What does it mean for Monsanto to be going organic?

Part of the beauty of nature lies in its imperfection.

Monsanto is very aware of people’s increasing interest in what they eat. Consumers not only want to eat they’re veggies, but they also want to know where these veggies came from and how they were produced. Put on top of that the fact that GMOs don’t have the best reputation nowadays and boom, you have the perfect scenario for what the company is doing right now: growing organics in the search for the perfect veggie.

In the USDA words: a produce can be called organic if it’s certified to have grown on soil that had no prohibited substances applied for three years prior to harvest. Prohibited substances include most synthetic fertilizers and pesticides.

Growing organics sounds like a quite ironic thing to do for a company that has made its name by selling genetically modified crops that are resistant to herbicides (herbicides that are, by the way, also sold by them).

While it may sound great that Monsanto is “changing for the best” by making their products less harmful for humans and for the environment and also allowing more people to have access to that kind of food, I am very much concerned that this situation may lead us to a even more standardized agricultural system. I say this because Monsanto’s crops are grown from an industrial perspective: farmers can trust in a reliable and stable system in which every potato that they harvest will look and taste the same. Isn’t that great? From one perspective yes, but if we are thinking in terms of variety of potatoes, we are certainly loosing a lot.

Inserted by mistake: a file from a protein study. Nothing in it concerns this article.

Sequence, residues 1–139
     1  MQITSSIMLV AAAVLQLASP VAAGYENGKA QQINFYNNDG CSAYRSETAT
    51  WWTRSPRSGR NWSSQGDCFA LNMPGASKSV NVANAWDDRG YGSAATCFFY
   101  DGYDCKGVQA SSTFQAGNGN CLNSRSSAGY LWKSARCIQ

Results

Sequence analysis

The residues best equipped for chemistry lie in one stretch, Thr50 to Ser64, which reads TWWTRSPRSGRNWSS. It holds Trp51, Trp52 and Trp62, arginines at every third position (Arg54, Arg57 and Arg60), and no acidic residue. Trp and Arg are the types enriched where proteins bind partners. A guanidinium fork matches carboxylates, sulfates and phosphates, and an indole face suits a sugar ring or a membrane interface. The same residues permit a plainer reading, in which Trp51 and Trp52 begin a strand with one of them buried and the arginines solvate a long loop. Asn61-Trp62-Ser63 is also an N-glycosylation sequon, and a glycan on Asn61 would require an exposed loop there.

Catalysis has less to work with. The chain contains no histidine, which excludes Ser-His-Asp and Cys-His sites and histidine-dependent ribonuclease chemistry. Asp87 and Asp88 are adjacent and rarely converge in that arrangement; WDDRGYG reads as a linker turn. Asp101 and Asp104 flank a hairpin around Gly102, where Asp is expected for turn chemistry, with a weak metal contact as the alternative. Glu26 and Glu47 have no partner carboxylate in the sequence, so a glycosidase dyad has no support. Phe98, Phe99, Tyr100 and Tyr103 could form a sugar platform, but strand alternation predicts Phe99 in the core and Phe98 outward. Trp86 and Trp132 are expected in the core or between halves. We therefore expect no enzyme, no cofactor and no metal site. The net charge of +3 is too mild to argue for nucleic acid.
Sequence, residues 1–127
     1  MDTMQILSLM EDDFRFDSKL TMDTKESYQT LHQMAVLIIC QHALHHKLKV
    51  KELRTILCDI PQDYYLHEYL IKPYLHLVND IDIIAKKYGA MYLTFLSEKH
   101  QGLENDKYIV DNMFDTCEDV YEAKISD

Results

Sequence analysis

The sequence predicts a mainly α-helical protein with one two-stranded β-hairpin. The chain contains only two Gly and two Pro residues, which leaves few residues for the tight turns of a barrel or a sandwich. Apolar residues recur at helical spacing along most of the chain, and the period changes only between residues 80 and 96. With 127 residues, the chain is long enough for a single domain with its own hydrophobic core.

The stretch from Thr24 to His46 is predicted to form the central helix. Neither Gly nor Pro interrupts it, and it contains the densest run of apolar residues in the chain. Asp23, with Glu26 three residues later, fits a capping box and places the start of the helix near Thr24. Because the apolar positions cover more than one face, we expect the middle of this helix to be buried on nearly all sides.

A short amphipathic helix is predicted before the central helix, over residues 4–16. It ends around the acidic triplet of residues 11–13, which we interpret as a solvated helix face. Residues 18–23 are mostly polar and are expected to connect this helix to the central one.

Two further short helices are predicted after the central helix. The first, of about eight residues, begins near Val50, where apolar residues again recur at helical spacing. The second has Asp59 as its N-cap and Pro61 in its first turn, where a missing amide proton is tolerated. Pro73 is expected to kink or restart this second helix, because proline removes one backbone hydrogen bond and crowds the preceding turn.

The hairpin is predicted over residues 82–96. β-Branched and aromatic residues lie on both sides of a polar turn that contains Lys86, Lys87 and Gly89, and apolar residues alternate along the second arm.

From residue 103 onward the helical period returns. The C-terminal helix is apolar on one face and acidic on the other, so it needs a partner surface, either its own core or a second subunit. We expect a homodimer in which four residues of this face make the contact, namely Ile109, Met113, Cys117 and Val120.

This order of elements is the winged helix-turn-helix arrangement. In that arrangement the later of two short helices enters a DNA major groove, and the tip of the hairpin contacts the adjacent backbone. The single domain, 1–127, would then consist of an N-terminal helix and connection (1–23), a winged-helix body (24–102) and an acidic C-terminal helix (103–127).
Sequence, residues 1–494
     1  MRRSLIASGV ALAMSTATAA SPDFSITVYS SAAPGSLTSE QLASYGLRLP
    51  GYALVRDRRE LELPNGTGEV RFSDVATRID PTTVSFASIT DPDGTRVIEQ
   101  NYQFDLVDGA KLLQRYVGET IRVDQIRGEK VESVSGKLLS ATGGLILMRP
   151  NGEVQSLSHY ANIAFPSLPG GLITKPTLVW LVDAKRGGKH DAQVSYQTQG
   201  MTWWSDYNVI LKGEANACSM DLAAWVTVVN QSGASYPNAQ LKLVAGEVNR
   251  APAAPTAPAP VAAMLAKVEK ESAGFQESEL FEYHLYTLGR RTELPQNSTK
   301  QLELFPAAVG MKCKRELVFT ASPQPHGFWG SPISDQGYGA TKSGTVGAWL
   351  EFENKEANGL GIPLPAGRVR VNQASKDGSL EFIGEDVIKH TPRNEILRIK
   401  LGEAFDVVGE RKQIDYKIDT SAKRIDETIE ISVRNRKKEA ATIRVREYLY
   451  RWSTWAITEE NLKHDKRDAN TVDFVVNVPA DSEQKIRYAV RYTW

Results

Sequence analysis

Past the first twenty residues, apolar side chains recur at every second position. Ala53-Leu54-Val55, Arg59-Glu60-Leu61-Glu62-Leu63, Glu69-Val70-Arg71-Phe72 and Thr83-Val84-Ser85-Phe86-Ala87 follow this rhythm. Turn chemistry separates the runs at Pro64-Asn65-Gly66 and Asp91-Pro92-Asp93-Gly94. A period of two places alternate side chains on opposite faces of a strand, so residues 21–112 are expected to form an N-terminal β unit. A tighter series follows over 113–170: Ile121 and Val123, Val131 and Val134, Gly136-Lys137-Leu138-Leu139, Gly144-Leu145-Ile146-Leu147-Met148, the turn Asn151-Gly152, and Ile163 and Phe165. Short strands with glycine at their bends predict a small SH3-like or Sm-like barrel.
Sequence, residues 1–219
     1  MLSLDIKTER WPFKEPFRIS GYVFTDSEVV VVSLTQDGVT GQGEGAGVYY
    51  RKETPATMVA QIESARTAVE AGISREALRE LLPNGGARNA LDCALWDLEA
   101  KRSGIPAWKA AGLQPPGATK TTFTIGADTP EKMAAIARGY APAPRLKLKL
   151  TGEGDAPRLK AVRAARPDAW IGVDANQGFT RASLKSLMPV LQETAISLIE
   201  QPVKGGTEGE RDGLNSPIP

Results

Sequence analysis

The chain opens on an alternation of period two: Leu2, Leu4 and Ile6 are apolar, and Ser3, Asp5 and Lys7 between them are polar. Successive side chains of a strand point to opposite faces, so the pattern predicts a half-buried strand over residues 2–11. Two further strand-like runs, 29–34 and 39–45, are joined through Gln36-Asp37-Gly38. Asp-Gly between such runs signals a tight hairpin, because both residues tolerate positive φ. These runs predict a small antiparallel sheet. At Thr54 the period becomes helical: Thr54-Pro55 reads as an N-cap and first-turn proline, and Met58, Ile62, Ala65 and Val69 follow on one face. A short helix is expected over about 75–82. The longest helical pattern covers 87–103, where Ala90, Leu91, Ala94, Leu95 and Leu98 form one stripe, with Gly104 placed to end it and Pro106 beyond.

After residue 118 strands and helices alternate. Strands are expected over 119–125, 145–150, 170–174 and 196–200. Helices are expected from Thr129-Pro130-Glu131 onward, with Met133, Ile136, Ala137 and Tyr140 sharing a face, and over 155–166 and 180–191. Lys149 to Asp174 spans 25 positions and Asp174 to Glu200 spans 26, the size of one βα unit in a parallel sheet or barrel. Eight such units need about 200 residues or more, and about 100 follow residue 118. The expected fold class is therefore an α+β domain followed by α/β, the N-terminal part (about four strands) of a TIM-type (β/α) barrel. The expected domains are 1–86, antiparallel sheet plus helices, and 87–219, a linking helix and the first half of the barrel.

In 1903, we had almost 500 varieties of lettuce. By 1983, we had just 36. Radishes, peas, and beets have fared no better. It’s a shame to lose so many intricacies of nature’s tastiest gifts:


There is also the fact that it is going to be really hard for an organic farmer who doesn’t want to grow Monsanto’s organics to compete with other producers that are working with the company’s seeds. Same thing that happened to other crops years ago may just happen to the organics. I am thinking that this will be the case where organic farmers will have no choice other than joining Monsanto’s team and abandoning their own practices. I am thinking that we could be seeing a lot of changes in the entire food system in the next years.

So my main question here is: if Monsanto is growing organics in the search of the perfect veggie, what actually makes a perfect veggie? To me, these images of the Peruvian variety of potato and corn are the reflection of what perfect veggies could mean, but I guess my point of view is very different from the company’s one.

PapaVariedades peru corn

One thought on “What does it mean for Monsanto to be going organic?

  1. Great post Michelle. I agree with your skepticism about Monsanto – we’ll talk more about the company and its context this week. I also appreciate your neutrality about GMO’s in terms of their reputation rather than their label as good or evil – that is something else we’ll talk about. You posted two of my most favorite images and stars of most of my presentation decks. They illuminate both the scope and beauty of heirloom cultivars and the importance of maintaining as much biodiversity as possible – for flavor as well as human and environmental health.

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